Three months after Mayor Bill de Blasio announced that cops would stop ticketing street vendors, some are still getting hit with costly violations by police as they battle back from the pandemic shutdown.
Case in point: NYPD officers issued tickets to two food sellers in Lower Manhattan Monday, in what cops promoted on social media as an effort to protect quality of life.
Unlawful vending can adversely affect local businesses and quality of life.— Chief Kathleen O’Reilly (@NYPDChiefPatrol) September 14, 2020
Community members alerted @NYPD1Pct cops to quality of life concerns regarding illegal vending and your cops went to work addressing those concerns.
We hear your voices NYC and we are acting. https://t.co/uncEG6zfGj
The tickets, set at $500 for each infraction, cited the vendors for allegedly parking their permitted carts closer to a crosswalk than the required 10-foot distance and other violations. (The cops’ citations incorrectly said the minimum required distance was 12 feet.)
“Why do I have to feel like a criminal if I’m just working?” said Nabil Boussbaa, a 46-year-old street vendor whose Financial District food cart was ticketed by police Monday afternoon.
He said it marked the first time he’s received a citation from the NYPD, after five years of selling food with a license at the same spot on Barclay Street and West Broadway. Boussbaa added that he does not believe he broke any rules.
“We always feel that the city officials, any enforcement agencies, treat vendors with a lot of disrespect,” Boussbaa, of New Jersey, said in Arabic through an interpreter.
He added: “Like we are nothing. That is very humiliating.”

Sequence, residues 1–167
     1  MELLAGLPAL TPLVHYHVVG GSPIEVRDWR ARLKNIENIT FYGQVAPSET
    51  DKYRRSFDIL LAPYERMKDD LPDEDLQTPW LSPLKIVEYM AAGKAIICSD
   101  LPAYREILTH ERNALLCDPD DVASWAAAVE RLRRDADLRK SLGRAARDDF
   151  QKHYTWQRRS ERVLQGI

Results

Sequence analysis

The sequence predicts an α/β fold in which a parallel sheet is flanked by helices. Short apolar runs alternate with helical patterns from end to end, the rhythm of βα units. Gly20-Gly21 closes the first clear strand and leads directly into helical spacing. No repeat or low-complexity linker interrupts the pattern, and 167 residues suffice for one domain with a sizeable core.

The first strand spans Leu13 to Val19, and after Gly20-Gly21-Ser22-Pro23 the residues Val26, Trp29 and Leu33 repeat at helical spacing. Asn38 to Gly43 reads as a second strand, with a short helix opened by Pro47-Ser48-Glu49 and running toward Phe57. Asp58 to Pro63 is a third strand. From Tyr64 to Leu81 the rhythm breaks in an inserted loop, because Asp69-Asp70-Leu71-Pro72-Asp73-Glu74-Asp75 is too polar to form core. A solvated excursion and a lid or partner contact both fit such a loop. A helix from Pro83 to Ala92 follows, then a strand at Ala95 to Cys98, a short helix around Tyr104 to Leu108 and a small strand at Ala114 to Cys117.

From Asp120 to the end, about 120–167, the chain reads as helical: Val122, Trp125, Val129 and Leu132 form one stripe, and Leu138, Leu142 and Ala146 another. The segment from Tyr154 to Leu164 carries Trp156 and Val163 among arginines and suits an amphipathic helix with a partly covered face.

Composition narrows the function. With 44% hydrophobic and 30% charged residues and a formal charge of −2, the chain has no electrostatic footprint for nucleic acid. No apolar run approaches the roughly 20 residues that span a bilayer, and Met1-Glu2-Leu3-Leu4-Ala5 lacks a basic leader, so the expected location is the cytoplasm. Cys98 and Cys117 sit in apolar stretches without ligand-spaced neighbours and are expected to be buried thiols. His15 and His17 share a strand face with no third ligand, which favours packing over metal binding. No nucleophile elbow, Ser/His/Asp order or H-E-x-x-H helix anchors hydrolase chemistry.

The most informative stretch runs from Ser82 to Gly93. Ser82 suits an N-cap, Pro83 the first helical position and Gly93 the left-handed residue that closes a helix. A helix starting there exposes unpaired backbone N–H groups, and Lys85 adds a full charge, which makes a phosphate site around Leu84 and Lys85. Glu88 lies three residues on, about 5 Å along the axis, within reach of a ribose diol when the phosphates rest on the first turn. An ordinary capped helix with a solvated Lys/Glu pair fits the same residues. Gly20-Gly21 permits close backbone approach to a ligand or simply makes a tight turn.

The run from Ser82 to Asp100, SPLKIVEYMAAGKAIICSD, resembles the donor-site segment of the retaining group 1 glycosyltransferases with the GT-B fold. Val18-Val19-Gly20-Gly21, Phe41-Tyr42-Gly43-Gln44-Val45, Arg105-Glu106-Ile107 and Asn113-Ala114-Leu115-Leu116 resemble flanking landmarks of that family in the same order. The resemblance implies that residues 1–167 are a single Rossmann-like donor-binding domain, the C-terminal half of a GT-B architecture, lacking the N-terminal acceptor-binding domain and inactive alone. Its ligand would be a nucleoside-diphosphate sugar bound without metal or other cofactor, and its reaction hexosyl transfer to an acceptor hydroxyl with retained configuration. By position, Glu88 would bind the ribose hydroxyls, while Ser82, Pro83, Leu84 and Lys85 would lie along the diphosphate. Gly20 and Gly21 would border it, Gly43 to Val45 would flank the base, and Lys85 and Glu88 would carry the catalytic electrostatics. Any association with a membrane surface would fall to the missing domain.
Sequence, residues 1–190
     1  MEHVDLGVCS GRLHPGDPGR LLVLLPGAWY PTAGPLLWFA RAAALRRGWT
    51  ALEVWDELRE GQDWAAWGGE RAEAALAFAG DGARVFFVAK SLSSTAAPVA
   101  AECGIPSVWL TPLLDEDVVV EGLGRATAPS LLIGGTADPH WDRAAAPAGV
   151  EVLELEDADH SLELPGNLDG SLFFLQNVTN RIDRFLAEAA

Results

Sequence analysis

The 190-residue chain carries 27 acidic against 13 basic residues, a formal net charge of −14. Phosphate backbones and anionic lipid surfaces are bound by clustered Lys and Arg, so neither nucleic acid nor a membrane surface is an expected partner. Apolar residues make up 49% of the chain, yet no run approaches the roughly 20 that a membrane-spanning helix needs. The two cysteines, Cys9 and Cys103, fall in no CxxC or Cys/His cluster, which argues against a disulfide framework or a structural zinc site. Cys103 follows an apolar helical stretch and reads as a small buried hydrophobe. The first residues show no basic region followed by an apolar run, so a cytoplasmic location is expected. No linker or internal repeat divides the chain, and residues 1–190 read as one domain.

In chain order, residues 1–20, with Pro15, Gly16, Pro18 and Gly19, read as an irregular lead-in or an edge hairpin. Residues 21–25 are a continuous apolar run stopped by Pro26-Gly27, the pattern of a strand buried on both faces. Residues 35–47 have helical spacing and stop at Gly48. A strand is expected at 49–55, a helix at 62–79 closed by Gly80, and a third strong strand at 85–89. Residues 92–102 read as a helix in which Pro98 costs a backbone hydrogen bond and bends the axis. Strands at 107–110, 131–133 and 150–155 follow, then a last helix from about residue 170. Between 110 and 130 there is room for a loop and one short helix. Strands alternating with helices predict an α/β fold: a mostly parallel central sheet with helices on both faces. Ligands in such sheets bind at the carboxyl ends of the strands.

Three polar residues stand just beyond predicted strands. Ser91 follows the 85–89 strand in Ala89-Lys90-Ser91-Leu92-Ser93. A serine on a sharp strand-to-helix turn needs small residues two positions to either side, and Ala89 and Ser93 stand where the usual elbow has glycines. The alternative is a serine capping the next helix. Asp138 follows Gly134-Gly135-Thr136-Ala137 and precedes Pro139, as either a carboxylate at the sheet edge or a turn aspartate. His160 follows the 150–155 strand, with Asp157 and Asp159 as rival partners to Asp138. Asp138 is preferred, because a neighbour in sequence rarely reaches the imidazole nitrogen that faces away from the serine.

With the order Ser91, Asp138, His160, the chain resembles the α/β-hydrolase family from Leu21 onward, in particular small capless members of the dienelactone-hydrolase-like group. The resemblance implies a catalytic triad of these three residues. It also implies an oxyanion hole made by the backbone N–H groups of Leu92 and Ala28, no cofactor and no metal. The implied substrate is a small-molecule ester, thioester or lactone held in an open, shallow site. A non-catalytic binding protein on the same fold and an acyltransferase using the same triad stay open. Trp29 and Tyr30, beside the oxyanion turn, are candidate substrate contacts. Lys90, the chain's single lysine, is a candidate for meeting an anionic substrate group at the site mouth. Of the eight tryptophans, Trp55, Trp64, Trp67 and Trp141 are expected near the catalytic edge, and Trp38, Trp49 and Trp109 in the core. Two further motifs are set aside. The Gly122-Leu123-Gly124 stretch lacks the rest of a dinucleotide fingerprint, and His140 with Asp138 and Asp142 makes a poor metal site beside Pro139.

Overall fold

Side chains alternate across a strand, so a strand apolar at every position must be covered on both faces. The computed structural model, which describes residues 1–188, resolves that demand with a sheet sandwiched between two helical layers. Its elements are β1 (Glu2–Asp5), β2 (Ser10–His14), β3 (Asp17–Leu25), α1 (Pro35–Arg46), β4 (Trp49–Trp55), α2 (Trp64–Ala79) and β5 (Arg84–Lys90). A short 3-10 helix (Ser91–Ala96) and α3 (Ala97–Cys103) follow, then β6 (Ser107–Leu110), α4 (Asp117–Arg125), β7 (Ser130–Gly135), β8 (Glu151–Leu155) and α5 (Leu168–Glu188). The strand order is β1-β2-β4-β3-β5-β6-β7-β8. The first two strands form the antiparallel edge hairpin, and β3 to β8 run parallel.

De Blasio’s office has not provided a timeline for when the NYPD will stop slapping street vendors with violations nor offered any details about how this change would affect broader enforcement, which is currently conducted by multiple city agencies.
“As appropriate, the NYPD will continue to respond to other illegal vending complaints in the interim as we work through an enforcement transition process,” said Julia Arredondo, a spokesperson for de Blasio.
Pledge to Reduce Friction
In early June, following community pressure and protests after the killing of George Floyd by police officers in Minnesota, de Blasio announced a series of reforms aimed at rebuilding trust between New Yorkers and cops.
Steps included moving funds from the NYPD to boost youth and supportive services — and eliminating the department’s role in policing vendors.
NYPD’s exit from vendor enforcement would reduce “interactions between uniform officers and New Yorkers, particularly immigrant communities and communities of color,” a June 7 news release from de Blasio’s office reads.
Vendors and advocates had no prior notice about this policy shift and have not gotten any information since, said Mohamed Attia, director of the Street Vendor Project, a nonprofit that promotes the rights of vendors in the city.
The group estimates roughly 20,000 vendors sell food and other items across the five boroughs. Since 1983, the number of citywide food vending permits issued by the city health department has been capped at roughly 3,000, which has led to the proliferation of a black market where $200 permits are resold for up to $25,000.
Multiple vendors told THE CITY they are left with no option but to work illegally, take their chances on getting ticketed with the possibility of their belongings being confiscated.
“The risk is every day, every morning,” said Gerardo Vital, 47, who sells tacos in Corona, Queens. “We need to work because of the family. I have two kids.”
Multiple city agencies, including the departments of Health, Parks, Consumer Affairs and Sanitation, are charged with issuing summonses for infractions, which include vending in restricted areas or preparing food in unsanitary conditions.
A spokesperson for the Department of Parks and Recreation said that the forthcoming changes to NYPD responsibilities and practices do not impact Parks’ ongoing efforts to address unlawful vending.
A spokesperson for the NYPD, Jessica McRorie, said that the department is working with the mayor’s office to phase out of vendor enforcement, but is continuing to respond to related 311 service requests and 911 calls.
Some 1,438 violations against vendors were filed with the Office of Administrative Trials and Hearings between January and March, with enforcement then all but halting during the pandemic.